‘King Rose Star’ produces white star-shaped flowers with a slight pink blush on the outer petals.
Scientific Name: Magnolia stellata ‘King Rose Star’
  • Bloom Time: Spring
  • Plant Size: 8’-10’ tall and 8’-12’ wide
  • Plant Zone:  5-9
  • Light: Full Sun to Part Shade

This sweet, little, shrubby hybrid has a delicate and lacy appearance when it blooms in the spring. A deciduous variety, the blooms appear first as soft, fuzzy buds that resemble a rabbit’s foot. The plant itself is slow growing and has a wider spread than its height, making it a lovely shrub as it won’t turn into a tree if you forget to prune it for a year.

This stellata variety lives up to its species’ reputation. Starlike blooms extend long white fingers around a small yellow-green eye. A soft yellow glow creeps just a bit from the center and petals can have a slight blush to them. The flowers are fragrant and plentiful on this lovely magnolia.

‘Petit Chicon’

Close-up of creamy white flowers on bare branches of Magnolia acuminata x Magnolia denudata against a blue sky. The flowers are cup-shaped, medium in size, pale creamy yellow with a greenish tinge at the base of the petals.
‘Petit Chicon’ is a hardy cultivar with pale creamy yellow flowers tinged with green at the base of the petals.
Scientific Name: Magnolia ‘Petit Chicon’
  • Bloom Time: Late Spring
  • Plant Size: 13’ tall and wide
  • Plant Zone:  6-9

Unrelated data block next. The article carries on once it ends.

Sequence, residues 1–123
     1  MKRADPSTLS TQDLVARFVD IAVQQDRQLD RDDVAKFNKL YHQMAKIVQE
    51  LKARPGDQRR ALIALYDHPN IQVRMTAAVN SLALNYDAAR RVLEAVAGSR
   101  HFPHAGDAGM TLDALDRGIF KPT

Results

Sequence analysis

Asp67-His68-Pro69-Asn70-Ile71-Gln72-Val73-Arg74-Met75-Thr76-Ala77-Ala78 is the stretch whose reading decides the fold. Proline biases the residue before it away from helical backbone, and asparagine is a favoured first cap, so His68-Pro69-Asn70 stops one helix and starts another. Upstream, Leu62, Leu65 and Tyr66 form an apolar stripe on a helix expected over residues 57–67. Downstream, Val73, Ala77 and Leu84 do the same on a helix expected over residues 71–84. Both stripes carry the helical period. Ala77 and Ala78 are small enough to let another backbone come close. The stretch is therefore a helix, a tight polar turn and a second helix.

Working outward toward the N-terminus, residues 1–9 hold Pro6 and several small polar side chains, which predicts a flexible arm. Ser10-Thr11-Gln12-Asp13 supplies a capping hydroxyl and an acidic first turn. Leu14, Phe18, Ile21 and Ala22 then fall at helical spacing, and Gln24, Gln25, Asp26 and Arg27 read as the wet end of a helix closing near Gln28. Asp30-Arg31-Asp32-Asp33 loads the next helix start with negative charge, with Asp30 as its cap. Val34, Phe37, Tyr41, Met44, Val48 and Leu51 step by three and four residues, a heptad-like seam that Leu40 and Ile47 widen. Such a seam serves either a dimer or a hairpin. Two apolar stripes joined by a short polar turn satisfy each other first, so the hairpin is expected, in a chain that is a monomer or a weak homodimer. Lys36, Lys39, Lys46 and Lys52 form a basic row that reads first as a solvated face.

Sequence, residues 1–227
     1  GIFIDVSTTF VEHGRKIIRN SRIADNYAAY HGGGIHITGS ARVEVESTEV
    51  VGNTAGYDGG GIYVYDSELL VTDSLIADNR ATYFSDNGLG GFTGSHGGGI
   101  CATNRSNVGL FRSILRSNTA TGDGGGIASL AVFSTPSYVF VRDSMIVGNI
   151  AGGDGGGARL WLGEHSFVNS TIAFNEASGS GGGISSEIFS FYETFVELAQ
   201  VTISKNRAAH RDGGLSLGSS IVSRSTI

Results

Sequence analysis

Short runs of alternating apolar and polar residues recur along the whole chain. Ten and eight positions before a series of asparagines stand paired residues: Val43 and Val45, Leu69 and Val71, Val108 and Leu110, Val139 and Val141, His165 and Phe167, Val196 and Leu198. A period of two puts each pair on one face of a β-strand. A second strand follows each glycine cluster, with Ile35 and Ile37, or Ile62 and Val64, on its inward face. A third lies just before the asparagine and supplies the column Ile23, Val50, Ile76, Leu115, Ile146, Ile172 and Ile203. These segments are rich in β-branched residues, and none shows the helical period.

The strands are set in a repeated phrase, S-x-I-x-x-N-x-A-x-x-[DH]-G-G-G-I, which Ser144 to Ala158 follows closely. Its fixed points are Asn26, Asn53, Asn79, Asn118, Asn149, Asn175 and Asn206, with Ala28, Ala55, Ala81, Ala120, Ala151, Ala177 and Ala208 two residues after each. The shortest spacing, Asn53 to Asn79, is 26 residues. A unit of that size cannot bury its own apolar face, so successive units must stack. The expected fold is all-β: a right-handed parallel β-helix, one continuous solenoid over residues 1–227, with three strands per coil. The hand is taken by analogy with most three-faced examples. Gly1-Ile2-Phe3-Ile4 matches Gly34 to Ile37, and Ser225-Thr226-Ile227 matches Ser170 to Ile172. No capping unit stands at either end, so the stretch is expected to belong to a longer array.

• Light: Full Sun to Part Shade

Petit Chicon is the earliest blooming yellow flowered magnolia. Its frost resistant blooms are a pale, creamy yellow with some green coloration near the base of the petals. The overall appearance is very much like an Easter Lily.

A bright green carpel peeks from the center, lightly misted with yellow pollen. This variety gets its name from the appearance of the buds, which resemble a small endive.

This magnolia is medium sized and can be trained into a shrub or small tree, topping out around 13’. It is deciduous, but with its extended blooming period, it generally will have leaves and flowers present together. This is not the hardiest variety, and is vulnerable to frost with its early blooming habit, so planting above zone 6 is not recommended.

‘Royal Star’

Close-up of a large white Magnolia Stellata 'Royal Star' flower on a branch with bright green leaves. The flower consists of long white petals arranged in two rows around a green carpel with yellow stamens.
This is an early flowering variety with delicate white flowers in the shape of a twinkling star.